LONDON (Reuters Life!) - The number of British adults signing up to social networking sites such as Facebook and MySpace has almost doubled in the last two years, according to new research from the country's communications watchdog.

Ofcom said its research reveals that 38 percent of British internet users now have a social networking site profile -- up from 22 percent in 2007.

At the same time, people are also becoming more cautious about sharing their personal information online, Ofcom said.

Three quarters of those with a social networking profile now say that it can only be seen by family and friends -- up from 48 percent in 2007.

Millions of Britons are also now banking, shopping and paying bills online, but one in five (21 percent) would never enter their credit card details online, and nearly a quarter (23 percent) say they would never enter their mobile phone number.

Those who are more confident using the internet are more likely to be happy to provide personal information online, while older people are less likely, Ofcom said in its UK Adults' Media Literacy interim report.

The report also reveals a considerable growth in household take-up of the internet among adults over 65 (41 percent vs. 26 percent) and those in low income households (51 percent vs. 35 percent).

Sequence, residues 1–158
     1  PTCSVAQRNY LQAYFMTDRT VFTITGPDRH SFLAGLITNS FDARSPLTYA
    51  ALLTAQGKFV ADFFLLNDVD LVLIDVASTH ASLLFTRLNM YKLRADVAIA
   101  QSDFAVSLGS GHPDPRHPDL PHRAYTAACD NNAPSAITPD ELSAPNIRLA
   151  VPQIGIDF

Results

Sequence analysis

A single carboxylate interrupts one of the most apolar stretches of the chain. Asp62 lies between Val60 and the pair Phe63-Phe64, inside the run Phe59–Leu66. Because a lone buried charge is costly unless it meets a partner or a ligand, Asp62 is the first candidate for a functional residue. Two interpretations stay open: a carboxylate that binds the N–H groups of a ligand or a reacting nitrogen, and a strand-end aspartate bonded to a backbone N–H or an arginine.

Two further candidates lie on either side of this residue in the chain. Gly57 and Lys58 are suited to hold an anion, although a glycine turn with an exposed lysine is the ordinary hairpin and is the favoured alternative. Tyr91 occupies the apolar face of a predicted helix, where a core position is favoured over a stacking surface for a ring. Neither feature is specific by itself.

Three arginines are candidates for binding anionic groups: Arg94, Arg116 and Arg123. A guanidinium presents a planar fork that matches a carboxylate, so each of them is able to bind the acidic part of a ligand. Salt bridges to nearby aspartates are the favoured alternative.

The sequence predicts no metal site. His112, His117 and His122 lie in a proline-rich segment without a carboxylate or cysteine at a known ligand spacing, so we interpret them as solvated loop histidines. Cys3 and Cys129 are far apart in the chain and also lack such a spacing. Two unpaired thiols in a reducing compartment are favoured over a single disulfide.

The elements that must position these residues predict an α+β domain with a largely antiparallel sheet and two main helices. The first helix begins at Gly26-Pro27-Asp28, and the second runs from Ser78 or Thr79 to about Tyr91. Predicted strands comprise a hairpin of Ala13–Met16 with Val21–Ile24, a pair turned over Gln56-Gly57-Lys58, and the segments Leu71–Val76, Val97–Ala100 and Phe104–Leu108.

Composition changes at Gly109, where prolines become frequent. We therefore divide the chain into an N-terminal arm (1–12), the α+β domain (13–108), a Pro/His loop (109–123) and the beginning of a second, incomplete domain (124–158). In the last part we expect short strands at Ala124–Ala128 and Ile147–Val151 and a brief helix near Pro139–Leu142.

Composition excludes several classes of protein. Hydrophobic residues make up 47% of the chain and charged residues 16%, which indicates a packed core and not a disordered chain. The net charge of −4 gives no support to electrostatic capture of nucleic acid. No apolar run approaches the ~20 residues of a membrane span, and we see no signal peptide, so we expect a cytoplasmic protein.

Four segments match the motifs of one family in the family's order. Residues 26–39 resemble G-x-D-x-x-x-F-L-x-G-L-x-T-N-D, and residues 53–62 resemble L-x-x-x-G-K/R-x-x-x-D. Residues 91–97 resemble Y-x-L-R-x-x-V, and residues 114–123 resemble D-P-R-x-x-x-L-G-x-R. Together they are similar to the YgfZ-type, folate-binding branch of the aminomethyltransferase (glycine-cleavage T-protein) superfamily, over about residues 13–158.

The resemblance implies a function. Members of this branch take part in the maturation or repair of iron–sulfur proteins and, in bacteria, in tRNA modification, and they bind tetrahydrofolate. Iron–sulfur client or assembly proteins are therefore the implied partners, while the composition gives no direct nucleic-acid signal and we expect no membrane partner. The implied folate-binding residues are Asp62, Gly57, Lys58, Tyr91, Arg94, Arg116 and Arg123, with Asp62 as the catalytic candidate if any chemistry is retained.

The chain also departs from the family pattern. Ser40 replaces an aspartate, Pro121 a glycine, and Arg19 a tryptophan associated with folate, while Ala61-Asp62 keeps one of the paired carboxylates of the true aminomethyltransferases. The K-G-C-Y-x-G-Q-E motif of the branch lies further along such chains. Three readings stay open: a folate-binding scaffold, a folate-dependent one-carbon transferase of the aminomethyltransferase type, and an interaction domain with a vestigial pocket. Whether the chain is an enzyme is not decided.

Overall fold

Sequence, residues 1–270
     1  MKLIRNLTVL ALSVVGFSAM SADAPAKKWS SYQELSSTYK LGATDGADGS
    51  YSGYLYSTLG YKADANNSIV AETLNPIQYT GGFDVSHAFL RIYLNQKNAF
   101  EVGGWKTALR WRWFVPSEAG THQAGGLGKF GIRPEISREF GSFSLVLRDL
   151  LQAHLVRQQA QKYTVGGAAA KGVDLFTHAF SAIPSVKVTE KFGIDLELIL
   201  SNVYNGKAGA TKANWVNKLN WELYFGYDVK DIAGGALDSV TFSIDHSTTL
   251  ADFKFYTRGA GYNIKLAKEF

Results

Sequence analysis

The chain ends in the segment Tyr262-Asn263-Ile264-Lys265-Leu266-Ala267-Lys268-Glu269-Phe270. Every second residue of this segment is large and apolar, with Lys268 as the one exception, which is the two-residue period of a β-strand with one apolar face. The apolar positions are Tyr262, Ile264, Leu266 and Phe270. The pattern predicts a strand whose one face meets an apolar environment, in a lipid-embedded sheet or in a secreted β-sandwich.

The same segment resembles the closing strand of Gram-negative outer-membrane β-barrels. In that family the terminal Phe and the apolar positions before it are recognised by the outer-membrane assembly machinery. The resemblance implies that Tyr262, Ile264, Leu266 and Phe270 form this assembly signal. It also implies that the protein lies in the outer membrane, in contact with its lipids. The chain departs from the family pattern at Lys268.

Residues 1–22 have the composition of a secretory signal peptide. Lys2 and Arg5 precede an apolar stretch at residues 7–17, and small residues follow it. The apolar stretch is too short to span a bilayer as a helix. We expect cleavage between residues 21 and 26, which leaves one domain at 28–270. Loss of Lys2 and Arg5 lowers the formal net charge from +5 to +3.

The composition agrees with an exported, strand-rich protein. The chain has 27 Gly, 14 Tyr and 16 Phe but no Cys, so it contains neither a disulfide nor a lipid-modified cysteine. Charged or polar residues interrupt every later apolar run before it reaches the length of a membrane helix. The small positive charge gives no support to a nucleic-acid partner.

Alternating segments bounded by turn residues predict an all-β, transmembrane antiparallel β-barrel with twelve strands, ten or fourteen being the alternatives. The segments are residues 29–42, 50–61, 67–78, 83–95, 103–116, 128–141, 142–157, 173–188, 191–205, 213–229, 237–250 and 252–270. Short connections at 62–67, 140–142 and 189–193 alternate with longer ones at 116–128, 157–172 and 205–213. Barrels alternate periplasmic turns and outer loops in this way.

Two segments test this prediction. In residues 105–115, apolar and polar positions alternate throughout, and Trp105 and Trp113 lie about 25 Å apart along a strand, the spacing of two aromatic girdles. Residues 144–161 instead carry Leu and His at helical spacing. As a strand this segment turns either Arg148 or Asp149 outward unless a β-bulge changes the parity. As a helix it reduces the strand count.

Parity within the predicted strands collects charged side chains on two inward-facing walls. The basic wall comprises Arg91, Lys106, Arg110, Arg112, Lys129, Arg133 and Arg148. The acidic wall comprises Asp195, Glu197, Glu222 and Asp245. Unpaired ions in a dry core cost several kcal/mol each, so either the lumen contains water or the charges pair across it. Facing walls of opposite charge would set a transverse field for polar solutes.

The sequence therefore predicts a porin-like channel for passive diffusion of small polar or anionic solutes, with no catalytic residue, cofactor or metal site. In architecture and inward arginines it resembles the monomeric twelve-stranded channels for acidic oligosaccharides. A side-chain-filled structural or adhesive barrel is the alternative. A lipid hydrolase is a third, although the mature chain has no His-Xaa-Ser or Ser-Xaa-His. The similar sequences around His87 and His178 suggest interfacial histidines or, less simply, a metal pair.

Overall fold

There are also some gender differences in what the internet is regularly used for.

Men are more likely than women to use the web for news, while women are more likely to use the internet for social networking, Ofcom said.

One in three adults who use the internet (29 percent) are watching online or downloading TV programmes or films. Of those, adults aged 25-34 are more likely to watch TV online or download programmes and films and almost all are doing so through television broadcasters' websites.

More adults believe that file-sharing through downloading shared copies of copyright music and films should be illegal (42 percent) than believe it should not be illegal (33 percent), and 25 percent are unsure. Young people aged 16-24 are more likely to say that such content should not be illegal (55 percent).

(Reporting by Paul Casciato; editing by Steve Addison)